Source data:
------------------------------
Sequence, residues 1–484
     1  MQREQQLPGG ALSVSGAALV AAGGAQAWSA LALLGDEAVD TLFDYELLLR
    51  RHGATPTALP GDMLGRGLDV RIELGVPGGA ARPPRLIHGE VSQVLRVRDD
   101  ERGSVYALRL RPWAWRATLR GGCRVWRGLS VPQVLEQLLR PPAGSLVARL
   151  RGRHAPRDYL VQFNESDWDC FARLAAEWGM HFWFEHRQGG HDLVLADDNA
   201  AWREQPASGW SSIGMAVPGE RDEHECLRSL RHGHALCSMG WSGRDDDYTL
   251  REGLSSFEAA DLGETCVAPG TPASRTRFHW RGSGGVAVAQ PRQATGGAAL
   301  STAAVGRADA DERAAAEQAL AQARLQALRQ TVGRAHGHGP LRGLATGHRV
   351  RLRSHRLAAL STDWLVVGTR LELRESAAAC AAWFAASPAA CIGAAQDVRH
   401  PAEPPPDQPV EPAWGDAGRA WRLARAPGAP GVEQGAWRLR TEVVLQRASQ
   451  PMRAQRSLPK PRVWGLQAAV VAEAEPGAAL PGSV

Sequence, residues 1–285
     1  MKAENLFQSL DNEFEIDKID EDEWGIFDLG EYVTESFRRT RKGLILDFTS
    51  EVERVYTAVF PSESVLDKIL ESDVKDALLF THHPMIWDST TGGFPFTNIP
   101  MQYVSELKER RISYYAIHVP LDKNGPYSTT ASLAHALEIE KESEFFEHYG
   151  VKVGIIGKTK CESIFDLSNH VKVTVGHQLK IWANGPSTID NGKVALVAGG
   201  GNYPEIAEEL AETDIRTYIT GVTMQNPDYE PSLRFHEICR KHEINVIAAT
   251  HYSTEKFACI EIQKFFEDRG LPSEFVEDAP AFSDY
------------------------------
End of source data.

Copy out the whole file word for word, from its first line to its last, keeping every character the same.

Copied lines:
Sequence, residues 1–484
     1  MQREQQLPGG ALSVSGAALV AAGGAQAWSA LALLGDEAVD TLFDYELLLR
    51  RHGATPTALP GDMLGRGLDV RIELGVPGGA ARPPRLIHGE VSQVLRVRDD
   101  ERGSVYALRL RPWAWRATLR GGCRVWRGLS VPQVLEQLLR PPAGSLVARL
   151  RGRHAPRDYL VQFNESDWDC FARLAAEWGM HFWFEHRQGG HDLVLADDNA
   201  AWREQPASGW SSIGMAVPGE RDEHECLRSL RHGHALCSMG WSGRDDDYTL
   251  REGLSSFEAA DLGETCVAPG TPASRTRFHW RGSGGVAVAQ PRQATGGAAL
   301  STAAVGRADA DERAAAEQAL AQARLQALRQ TVGRAHGHGP LRGLATGHRV
   351  RLRSHRLAAL STDWLVVGTR LELRESAAAC AAWFAASPAA CIGAAQDVRH
   401  PAEPPPDQPV EPAWGDAGRA WRLARAPGAP GVEQGAWRLR TEVVLQRASQ
   451  PMRAQRSLPK PRVWGLQAAV VAEAEPGAAL PGSV

Sequence, residues 1–285
     1  MKAENLFQSL DNEFEIDKID EDEWGIFDLG EYVTESFRRT RKGLILDFTS
    51  EVERVYTAVF PSESVLDKIL ESDVKDALLF THHPMIWDST TGGFPFTNIP
   101  MQYVSELKER RISYYAIHVP LDKNGPYSTT ASLAHALEIE KESEFFEHYG
   151  VKVGIIGKTK CESIFDLSNH VKVTVGHQLK IWANGPSTID NGKVALVAGG
   201  GNYPEIAEEL AETDIRTYIT GVTMQNPDYE PSLRFHEICR KHEINVIAAT
   251  HYSTEKFACI EIQKFFEDRG LPSEFVEDAP AFSDY